Review: Middlewest (Book One) by Skottie Young

Rating: 7.5/10

Synopsis

The lands between the coasts are vast, slow to change, and full of hidden magics. The town of Farmington has been destroyed sending an unwitting adventurer and his vulpine companion in search of answers to quell a coming storm that speaks his name. From author SKOTTIE YOUNG (I HATE FAIRYLAND, DEADPOOL) and artist JORGE CORONA (NO. 1 WITH A BULLET, FEATHERS, BIG TROUBLE IN LITTLE CHINA: OLD MAN JACK) comes the tale of Abel, a young boy who must navigate an old land in order to reconcile his family’s history.

Review

Middlewest is a vibrant adventure into a fantastical future Midwest. It explores themes of parental abuse and how fear can lead to anger. As a disclaimer, I’ve already read Book Two, so some of those thoughts might color my review of Book One.

I read Middlewest a couple of months ago on recommendation from one of my friends who (not literally) tears through graphic novels. I haven’t read many myself, but I’m really getting into them as a format. In a lot of instances I think it’s harder to condense complex thoughts and story into a set number of frames rather than blowing out a 500-600 page novel. Don’t take that to mean that I don’t love filler – but I think there’s an art of succinct and impactful language that you get in graphic novels, coupled with evocative illustrations.

Middlewest has both an impactful, moving story and beautiful, rich art. Abel’s exploration of his family’s history is interesting, especially the generational nature of the anger that Abel’s father displays and the anger Abel sometimes finds within himself. Fear of loss and fear of change ignite a literal storm inside Abel and his father which plays out to destructive effect.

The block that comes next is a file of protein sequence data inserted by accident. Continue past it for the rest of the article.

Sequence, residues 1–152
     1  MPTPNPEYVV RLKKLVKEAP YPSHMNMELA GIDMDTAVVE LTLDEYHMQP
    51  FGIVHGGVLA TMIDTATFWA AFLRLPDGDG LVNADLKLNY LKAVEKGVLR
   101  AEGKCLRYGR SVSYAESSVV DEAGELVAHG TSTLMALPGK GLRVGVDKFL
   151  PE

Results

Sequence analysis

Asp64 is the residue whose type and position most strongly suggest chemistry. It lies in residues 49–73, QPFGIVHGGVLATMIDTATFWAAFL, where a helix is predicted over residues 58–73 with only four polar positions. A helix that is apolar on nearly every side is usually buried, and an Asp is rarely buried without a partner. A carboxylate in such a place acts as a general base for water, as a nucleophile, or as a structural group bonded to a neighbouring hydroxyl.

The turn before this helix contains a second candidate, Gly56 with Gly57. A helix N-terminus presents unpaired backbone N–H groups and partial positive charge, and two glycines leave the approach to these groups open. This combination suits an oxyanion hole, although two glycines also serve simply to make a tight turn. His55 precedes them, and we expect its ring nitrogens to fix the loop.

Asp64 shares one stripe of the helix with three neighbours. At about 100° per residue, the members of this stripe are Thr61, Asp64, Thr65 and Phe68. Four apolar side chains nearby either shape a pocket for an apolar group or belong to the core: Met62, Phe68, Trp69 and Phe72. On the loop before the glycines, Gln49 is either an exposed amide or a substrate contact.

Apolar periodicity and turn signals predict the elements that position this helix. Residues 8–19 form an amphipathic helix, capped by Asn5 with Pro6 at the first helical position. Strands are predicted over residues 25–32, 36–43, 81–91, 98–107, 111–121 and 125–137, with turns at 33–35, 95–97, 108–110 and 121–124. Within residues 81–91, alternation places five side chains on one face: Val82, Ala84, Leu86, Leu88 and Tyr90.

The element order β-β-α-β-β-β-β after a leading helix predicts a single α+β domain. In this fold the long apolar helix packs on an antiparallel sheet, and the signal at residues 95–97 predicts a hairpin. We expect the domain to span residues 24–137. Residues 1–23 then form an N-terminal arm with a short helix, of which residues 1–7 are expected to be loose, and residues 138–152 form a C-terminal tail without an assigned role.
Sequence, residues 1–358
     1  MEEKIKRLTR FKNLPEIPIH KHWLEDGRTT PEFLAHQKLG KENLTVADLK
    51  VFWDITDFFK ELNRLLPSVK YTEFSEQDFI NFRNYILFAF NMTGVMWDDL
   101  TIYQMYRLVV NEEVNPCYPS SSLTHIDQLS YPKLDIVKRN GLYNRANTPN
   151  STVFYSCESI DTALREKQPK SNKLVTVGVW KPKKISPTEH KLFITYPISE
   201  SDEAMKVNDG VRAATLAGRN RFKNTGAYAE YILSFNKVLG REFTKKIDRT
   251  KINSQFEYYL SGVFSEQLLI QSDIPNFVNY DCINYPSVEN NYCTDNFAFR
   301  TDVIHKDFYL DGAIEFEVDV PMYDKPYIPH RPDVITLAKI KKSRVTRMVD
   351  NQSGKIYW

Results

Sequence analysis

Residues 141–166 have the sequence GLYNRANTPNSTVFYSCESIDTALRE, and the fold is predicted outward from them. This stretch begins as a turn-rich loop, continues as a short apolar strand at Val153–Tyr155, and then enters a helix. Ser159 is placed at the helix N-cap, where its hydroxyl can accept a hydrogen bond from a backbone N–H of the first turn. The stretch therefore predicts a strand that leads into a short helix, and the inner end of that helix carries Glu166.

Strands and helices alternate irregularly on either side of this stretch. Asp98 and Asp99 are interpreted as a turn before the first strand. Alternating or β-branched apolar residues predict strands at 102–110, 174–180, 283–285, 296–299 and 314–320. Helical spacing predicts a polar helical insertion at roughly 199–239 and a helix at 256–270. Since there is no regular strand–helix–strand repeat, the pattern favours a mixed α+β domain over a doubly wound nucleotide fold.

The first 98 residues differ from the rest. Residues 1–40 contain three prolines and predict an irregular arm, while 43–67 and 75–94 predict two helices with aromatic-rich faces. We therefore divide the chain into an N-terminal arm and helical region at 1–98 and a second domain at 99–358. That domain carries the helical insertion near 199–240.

Jorge Corona’s art is amazing. The world is colorful and vibrant, and you can see the magic living in the world. Abel’s fox companion is a bit of levity and introspection into the situation at hand, and the fox’s expressions are very well done. There is old tech and new magic, bird skeletons and trains, mutated bunnies and all kinds of fun nuggets thrown in. And the tornadoes are extremely well-done and very frightening.

I will say that the plot is a bit lacking in Book One, but it definitely picks up in Book Two. If you enjoy the first you’ll enjoy the expansion on the world and some of the ideas in latter books.

If you’re looking for a quick read with deep, engaging art and a simple story about some of the destructive ways anger can manifest itself, look no further than Middlewest.

One Comment Add yours

  1. David W says:

    One I have been meaning to get to!

    Like

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